Causes and Risk Factors of Ingrown Toenails

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Ingrown toenails are a common foot condition. It happens when a toenail's edge grows into the skin, causing redness, swelling, and pain. If left untreated, an ingrown toenail can become infected and cause serious issues.

There are several causes and risk factors for developing an ingrown toenail. The two most common causes are wearing shoes that are too tight and cutting toenails too short or with rounded edges.

This article will cover common causes and risk factors of ingrown toenails. It will discuss how heredity and lifestyle may also play a role in the condition.

Cutting toenails

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Common Causes

There are many causes of ingrown toenails. The most common causes are shoes that don't fit properly and poorly trimmed toenails.

When shoes are worn too tightly, extra pressure is placed on the toenail. That pressure can cause the nail to grow into the skin and become ingrown.

Toenails that aren't trimmed correctly can also cause an ingrown toenail. Toenails trimmed too short or toenails with rounded edges can grow into the skin and become an ingrown toenail.

Other causes of ingrown toenails include:

  • Stubbing a toe or toe injury
  • Toenails that are too large for the toe
  • Foot or toe deformities
  • Repetitive sports activities (such as kicking a soccer ball)
  • Obesity
  • Wet or sweaty feet
  • Taking certain cancer medications
  • Pincer toenails (nails that grow tube-shaped)


Genetics usually do not play a role in ingrown toenails. However, some people can inherit a tendency for ingrown toenails.

Pincer toenails are a rare nail deformity that occurs in 0.9% of the population. It's characterized by thickening of the nail and the nail edges growing toward each other, forming a half tube shape.

The cause of pincer nail growth is not completely understood, but it may either be hereditary (passed down from one's parents) or acquired. Conditions that can lead to acquired pincer toenails are:

  • Renal failure (kidney failure)
  • Kawasaki disease (acute inflammatory condition of the heart and blood vessels)
  • Gastrointestinal (GI) cancers
  • Amyotrophic lateral sclerosis (ALS) (progressive neurological disease)
  • Lupus (autoimmune disease)

A 2020 study reported that when these conditions were well-controlled, the pincer nail went away.


A toenail is more likely to become ingrown if you have a condition that causes water retention in your feet. Water retention can be due to cardiovascular conditions, including heart failure, kidney failure, or chronic venous insufficiency.

Lifestyle Risk Factors

A few lifestyle risk factors can increase the likelihood of developing an ingrown toenail. These factors may be modifiable or unmodifiable. Modifiable factors are changes a person can make to decrease their risk. Unmodifiable factors that can contribute to prevalence of this condition are ones that cannot be changed, such as age, gender, or ethnicity.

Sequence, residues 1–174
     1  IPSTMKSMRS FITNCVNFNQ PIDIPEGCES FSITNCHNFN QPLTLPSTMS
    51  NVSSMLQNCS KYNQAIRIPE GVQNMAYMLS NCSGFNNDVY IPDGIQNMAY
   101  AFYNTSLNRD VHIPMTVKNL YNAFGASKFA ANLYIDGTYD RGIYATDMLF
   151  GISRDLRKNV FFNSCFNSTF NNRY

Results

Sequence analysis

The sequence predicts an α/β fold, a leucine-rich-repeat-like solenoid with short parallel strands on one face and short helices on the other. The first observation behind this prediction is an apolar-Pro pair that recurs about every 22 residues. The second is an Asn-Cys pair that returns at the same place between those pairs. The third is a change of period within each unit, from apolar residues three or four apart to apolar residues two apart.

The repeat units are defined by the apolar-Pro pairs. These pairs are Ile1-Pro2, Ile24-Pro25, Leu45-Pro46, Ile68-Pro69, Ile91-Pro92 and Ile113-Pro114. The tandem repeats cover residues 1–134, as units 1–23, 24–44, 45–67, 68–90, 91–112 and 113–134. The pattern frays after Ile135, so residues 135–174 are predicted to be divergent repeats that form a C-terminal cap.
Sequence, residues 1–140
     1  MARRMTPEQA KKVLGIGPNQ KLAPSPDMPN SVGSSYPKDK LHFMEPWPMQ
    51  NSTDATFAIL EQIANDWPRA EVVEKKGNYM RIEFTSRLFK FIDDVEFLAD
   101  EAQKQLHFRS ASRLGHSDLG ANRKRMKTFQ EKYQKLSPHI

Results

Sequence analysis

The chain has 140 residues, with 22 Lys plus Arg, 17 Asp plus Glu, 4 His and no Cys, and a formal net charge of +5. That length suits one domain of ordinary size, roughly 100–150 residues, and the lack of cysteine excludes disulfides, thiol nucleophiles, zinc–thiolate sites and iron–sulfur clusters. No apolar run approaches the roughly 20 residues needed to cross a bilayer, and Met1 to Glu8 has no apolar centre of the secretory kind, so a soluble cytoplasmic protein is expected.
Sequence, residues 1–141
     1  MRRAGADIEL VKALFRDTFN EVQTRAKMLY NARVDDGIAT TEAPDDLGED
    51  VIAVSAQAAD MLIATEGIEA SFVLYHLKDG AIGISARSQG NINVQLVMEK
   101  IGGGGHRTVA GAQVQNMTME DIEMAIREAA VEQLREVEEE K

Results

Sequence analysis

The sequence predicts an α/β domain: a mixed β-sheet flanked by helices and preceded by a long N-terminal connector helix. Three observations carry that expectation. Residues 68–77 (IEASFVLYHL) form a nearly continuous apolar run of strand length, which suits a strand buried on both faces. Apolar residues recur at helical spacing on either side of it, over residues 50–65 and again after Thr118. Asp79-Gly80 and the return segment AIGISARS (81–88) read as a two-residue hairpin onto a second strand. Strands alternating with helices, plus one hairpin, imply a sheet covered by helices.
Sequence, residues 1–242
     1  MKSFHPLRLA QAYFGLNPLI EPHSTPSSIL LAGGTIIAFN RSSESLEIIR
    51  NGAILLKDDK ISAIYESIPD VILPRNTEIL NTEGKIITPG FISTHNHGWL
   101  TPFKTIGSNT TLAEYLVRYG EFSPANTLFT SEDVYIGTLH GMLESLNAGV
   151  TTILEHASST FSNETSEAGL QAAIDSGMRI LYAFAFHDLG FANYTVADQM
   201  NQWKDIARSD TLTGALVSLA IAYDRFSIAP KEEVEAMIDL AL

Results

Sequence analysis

Some lifestyle risk factors include:

  • Being a teenager or young adult: People in this age range tend to have sweatier feet due to hormonal changes.
  • Being older: Older people may have a harder time taking care of their feet or seeing changes in their feet that can lead to an ingrown toenail.
  • Sports: Playing sports that involve repetitive kicking and running can injure the toenails.
  • Certain health conditions: Conditions that decrease blood flow to the feet, such as diabetes, can cause ingrown nails on the feet.


An ingrown toenail is when the edges of the nail grow into the skin. This causes redness, swelling, and pain. Ingrown toenails can be caused by many factors, including shoes that are too tight, trimming toenails too short, or participating in sports that involve kicking or running. There are also risk factors such as diabetes and age that play into developing an ingrown toenail.

A Word From Verywell

An ingrown toenail may sound minor, but it can turn into something serious if left untreated. A mild ingrown toenail can be treated at home, but moderate or severe ingrown nails need to be treated by a healthcare provider. If left untreated, the toenail can break into the skin, which can allow bacteria in and cause an infection. If you have any questions or are unsure how to treat your ingrown toenail, don't hesitate to reach out to your healthcare provider.

4 Sources
Verywell Health uses only high-quality sources, including peer-reviewed studies, to support the facts within our articles. Read our editorial process to learn more about how we fact-check and keep our content accurate, reliable, and trustworthy.
  1. MedlinePlus. Ingrown toenail.

  2. Nemours Children's Health. Ingrown toenails.

  3. Institute for Quality and Efficiency in Health Care (IQWiG). Ingrown Toenail: Overview.

  4. Huang C, Huang R, Yu M, et al. Pincer nail deformity: clinical characteristics, causes, and managementsBiomed Res Int. 2020;2020:2939850. doi:10.1155/2020/2939850

By Patty Weasler, RN, BSN
Patty is a registered nurse with over a decade of experience in pediatric critical care. Her passion is writing health and wellness content that anyone can understand and use.